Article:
Zafar Takiya Salapa
Place of Origin: Mysore? (India)
Date: 18th Century
A rare Indian Zafar Takiya short sword (literally ‘cushion of victory’). It was used by high ranking men as part of court, or durbar, dress. The hilt would be used to rest the hand or wrist while the owner sat on the floor cross legged.
It has a broad curved blade double-edged to the point in front of the yelman, forged from pattern welded damascus steel. Steel hilt entirely covered in thick sheet silver, quillons each with rounded terminal, recurved tapering knuckle-guard with scrolled finial and recurved cushion-shaped pommel of circular section tapering towards the tips. A later wooden scabbard covered in faded purple velvet with shaped silver chape.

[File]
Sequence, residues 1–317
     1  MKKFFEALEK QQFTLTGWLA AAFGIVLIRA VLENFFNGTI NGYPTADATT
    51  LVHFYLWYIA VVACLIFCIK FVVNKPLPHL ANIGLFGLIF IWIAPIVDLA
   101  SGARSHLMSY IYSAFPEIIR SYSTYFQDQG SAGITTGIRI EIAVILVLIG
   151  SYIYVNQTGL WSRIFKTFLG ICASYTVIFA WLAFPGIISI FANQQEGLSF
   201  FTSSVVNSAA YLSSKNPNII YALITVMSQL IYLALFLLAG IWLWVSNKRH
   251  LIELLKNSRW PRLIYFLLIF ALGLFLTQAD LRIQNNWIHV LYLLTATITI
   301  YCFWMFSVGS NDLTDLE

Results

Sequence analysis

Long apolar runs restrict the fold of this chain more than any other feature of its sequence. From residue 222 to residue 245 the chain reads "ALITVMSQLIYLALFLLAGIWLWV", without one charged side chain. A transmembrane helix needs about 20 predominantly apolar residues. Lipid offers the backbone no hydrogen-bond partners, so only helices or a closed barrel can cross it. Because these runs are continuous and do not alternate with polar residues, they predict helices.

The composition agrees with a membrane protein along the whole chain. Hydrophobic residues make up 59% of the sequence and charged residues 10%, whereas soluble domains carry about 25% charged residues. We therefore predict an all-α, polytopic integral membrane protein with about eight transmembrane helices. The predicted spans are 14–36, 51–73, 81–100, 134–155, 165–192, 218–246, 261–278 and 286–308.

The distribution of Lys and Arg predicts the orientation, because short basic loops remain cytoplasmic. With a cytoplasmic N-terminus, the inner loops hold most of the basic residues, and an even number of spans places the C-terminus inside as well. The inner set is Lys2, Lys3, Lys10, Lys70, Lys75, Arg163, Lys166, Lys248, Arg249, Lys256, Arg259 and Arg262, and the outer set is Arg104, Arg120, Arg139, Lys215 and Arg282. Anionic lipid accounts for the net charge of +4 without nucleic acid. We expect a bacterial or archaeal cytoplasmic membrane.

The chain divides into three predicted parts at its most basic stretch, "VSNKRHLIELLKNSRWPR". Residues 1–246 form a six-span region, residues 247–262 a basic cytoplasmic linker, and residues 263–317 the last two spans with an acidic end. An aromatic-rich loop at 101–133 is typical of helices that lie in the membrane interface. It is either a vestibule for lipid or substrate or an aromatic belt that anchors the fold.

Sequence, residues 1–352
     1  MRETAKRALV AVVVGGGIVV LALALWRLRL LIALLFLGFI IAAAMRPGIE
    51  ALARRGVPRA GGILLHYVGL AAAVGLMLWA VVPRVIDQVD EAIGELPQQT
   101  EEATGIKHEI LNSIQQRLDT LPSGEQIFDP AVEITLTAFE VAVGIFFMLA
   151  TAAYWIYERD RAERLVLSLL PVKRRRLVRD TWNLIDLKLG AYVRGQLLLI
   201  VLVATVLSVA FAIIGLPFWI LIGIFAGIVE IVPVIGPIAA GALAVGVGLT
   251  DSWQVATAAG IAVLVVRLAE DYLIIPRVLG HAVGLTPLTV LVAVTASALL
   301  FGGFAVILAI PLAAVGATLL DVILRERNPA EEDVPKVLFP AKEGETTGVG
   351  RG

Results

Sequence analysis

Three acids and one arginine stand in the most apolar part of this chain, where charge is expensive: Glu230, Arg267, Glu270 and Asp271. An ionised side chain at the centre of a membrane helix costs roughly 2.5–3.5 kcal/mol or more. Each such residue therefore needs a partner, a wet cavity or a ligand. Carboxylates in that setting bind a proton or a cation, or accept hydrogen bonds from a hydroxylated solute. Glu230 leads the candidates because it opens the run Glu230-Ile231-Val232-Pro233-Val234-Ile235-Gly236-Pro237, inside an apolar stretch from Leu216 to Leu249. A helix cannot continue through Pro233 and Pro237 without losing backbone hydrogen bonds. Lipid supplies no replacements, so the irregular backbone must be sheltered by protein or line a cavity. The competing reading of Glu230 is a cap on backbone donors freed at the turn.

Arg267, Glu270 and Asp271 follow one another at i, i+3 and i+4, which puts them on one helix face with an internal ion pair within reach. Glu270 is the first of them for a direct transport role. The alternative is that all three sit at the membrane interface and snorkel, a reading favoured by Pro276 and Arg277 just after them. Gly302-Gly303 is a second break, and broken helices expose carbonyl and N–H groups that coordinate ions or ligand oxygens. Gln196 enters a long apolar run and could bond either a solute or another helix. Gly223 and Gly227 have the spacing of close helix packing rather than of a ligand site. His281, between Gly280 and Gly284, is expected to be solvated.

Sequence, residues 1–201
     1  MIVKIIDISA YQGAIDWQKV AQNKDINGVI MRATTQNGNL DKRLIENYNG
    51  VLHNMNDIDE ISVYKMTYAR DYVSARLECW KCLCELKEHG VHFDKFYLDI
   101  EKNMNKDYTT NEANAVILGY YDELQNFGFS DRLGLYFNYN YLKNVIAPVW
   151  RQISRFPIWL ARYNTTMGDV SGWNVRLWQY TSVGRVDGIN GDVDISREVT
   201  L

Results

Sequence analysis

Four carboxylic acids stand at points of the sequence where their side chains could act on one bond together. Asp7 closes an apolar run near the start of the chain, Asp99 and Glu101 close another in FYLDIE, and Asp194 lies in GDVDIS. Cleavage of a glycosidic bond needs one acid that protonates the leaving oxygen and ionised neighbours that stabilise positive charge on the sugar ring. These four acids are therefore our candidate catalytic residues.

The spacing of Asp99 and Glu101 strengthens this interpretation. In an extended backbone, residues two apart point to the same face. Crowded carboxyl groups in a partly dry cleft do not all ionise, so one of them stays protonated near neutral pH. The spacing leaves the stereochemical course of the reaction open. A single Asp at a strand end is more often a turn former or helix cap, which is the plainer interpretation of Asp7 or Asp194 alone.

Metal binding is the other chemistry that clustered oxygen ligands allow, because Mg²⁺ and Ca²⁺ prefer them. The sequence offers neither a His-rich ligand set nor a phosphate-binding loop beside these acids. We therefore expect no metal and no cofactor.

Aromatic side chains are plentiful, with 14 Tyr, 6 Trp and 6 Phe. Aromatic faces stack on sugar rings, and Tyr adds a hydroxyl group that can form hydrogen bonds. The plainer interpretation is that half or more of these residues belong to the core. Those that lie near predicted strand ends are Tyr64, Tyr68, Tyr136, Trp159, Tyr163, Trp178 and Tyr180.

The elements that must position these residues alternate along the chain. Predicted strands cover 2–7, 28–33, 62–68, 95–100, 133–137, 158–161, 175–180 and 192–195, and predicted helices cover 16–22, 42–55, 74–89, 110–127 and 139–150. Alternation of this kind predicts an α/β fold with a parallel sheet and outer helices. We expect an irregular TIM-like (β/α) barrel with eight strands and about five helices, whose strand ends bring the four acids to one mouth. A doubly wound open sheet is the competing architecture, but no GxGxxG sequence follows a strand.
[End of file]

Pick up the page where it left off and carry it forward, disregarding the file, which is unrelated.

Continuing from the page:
It is difficult to place this sword geographically, but a portrait of Tipu Sultan (ruler of Mysore 1782-1799) in the British Library (ref. Foster 28) shows him wearing a sword with unusual rounded quillions of similar form.
A similar example is in the Jaipur royal collection, see Elgood (2015), no.89, p.131.